Technical leader with 18 years of hands-on experience in medical imaging, artificial intelligence, computer vision, data science and neuroscience.

I work at the Scientific Computing and Imaging (SCI) Institute, as director of the Biomedical imaging, data science and AI core (BIDAC), a University of Utah health science service center. BIDAC offers application-oriented consulting services, developing and delivering novel AI solutions to medical device startups and research groups in healthcare, health sciences and material science. My role entails both business operations and technical expertise, helping partners turn data into insights.


Technical skills

  • Medical imaging
  • Artificial intelligence
  • Computer vision
  • Deep learning
  • Machine learning
  • Data science
  • Generative AI

Business skills

  • Consulting
  • Account management
  • Project management
  • Product management
  • Budget management
  • Team leadership

Areas of Interests

  • Healthcare
  • Health sciences
  • Neuroscience
  • AI - Generative AI
  • Business applications
  • International relations

Project collaborations

I have been leading and developing end-to-end computer vision, AI and data science solutions, working in multi-institutional, interdisciplinary teams of computer scientists, software engineers, health science researchers and medical investigators.

From 2007 to 2012, I led the development of multiple open-source software products used in various neuroscience applications, within the multi-center National Alliance for Medical Image Computing. From 2012 to 2016, I designed and applied end-to-end image analysis solutions for the multi-hospital Autism Center of Excellence Network - Infant Brain Imaging Study, processing 1000+ imaging studies.

Since 2016 via BIDAC, I built various computer vision and AI solutions for both academic research groups and start-up companies. Multidisciplinary projects include AI-based 3D sensing for autonomous systems, image classification tasks for material science via deep learning, GPU computing for health sciences and AI-based 3D segmentation tasks for healthcare. Please find some highlights below.

Nuclear forensic analysis via deep learning

Nuclear forensics aims to investigate the origin and history of nuclear or radioactive materials via analytical techniques. Deep learning applied to electron microscopy images can automatically and accurately identify subtle differences in microstructure from different samples. It provides insights into synthesis conditions and processing routes of uranium ore concentrates. We applied, compared and fine-tuned via transfer learning state-of-the-art convolutional neural networks, performing numerous image classification and regression tasks. In addition to applying standard neural network architectures (ResNet, DenseNet), we implemented parallel networks to study multi-magnification acquisitions, and quantified model uncertainty during inference.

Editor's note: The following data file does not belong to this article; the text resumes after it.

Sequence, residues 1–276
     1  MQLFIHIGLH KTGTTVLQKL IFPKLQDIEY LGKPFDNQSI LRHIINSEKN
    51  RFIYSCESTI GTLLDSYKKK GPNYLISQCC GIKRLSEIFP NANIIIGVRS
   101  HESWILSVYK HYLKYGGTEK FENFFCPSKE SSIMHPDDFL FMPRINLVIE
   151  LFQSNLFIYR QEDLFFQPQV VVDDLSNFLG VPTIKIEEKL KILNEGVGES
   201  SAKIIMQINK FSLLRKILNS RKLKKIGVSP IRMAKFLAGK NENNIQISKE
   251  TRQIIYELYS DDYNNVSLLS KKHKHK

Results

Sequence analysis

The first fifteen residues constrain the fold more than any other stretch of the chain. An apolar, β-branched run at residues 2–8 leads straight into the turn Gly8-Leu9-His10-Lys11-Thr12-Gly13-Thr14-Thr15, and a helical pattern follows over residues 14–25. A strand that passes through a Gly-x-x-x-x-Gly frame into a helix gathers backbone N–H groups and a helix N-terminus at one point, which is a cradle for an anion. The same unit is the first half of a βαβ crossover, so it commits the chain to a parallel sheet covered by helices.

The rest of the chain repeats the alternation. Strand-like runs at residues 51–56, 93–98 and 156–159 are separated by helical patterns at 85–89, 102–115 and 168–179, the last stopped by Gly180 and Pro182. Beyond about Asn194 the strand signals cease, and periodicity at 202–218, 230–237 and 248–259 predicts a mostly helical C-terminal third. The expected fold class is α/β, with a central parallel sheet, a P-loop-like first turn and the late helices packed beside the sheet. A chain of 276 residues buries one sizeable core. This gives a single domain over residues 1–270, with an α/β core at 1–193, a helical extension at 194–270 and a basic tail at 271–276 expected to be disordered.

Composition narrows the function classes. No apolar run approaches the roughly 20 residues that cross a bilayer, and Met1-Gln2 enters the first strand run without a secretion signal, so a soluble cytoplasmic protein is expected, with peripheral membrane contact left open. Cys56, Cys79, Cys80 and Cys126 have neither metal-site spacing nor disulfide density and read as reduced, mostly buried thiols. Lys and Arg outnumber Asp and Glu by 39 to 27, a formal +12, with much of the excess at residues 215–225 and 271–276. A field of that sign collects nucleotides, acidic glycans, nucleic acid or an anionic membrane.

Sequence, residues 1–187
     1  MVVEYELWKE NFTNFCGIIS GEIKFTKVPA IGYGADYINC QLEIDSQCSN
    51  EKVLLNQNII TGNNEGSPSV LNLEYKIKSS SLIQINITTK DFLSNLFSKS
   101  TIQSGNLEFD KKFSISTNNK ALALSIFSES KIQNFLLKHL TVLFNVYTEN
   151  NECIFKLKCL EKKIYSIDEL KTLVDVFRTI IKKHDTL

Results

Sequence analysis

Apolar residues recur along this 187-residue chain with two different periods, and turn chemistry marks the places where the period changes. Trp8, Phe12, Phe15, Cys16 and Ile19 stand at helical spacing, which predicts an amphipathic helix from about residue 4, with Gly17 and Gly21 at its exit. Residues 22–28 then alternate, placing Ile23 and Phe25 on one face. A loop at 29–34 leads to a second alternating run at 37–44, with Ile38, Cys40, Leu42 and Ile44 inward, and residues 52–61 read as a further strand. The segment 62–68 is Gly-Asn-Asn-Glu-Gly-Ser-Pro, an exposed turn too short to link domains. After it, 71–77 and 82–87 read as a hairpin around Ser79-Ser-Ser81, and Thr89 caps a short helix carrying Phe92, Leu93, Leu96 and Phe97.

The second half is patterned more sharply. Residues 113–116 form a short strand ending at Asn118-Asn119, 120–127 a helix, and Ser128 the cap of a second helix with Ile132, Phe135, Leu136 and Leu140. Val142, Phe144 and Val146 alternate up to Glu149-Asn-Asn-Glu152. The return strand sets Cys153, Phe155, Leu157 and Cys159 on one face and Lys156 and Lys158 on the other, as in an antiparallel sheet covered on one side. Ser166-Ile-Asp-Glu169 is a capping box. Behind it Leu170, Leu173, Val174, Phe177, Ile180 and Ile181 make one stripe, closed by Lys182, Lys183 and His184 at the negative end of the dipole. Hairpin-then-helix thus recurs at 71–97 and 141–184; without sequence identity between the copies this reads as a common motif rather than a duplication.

AI-based 3D depth sensing from thermal camera systems

Long-range 3D perception is an essential capability for autonomous navigation. The additional use of Long Wave Infrared (LWIR) cameras, compared to other systems, enable environment awareness in degraded visual conditions, such as fog, dust or low illumination. By leveraging a multi-sensor approach and the use of deep learning, we aim to reduce low contrast and low resolution often associated with thermal imaging, making it relevant for 3D sensing. We built multi-input single-output deep neural networks, enabling long-range 3D perception from stereo thermal camera systems. The combination of multiple sensors and AI-based analysis enabled accuracy improvement compared to simple stereo-vision and traditional image analysis methods.

Data engineering workflow for AI in radiology imaging

We aimed to investigate the use of machine learning on large retrospective radiology imaging studies, including chest x-rays and related clinical text reports. In partnership with researchers from the Radiology Department, the Enterprise Data Warehouse and the Center for High Performance Computing, we leveraged various software and hardware infrastructure to enable secured data transfer from the hospital PACS system, HIPAA-compliant data storage via a database, and data management of large radiological datasets. We retrieved data from 59,000+ patients (140,000+ studies), to study chronic obstructive pulmonary disease (COPD), COVID-19 and acute respiratory infections.

Computer vision for neuroscience studies (12+ years)

Over 12 years, I led and executed parallel imaging data science projects to support various national clinical research studies. These entailed automated image registration, atlas generation, tissue classification, structural segmentation and DTI analysis from multi-modal acquisitions. Studies focused on rodents, pigs and mostly human subjects ranging from neonatal age to elderly. Driving clinical applications included brain development in autism spectrum disorder, Parkinson's disease, Down syndrome, Huntington's disease, deep brain stimulation, and obsessive-compulsive disorder.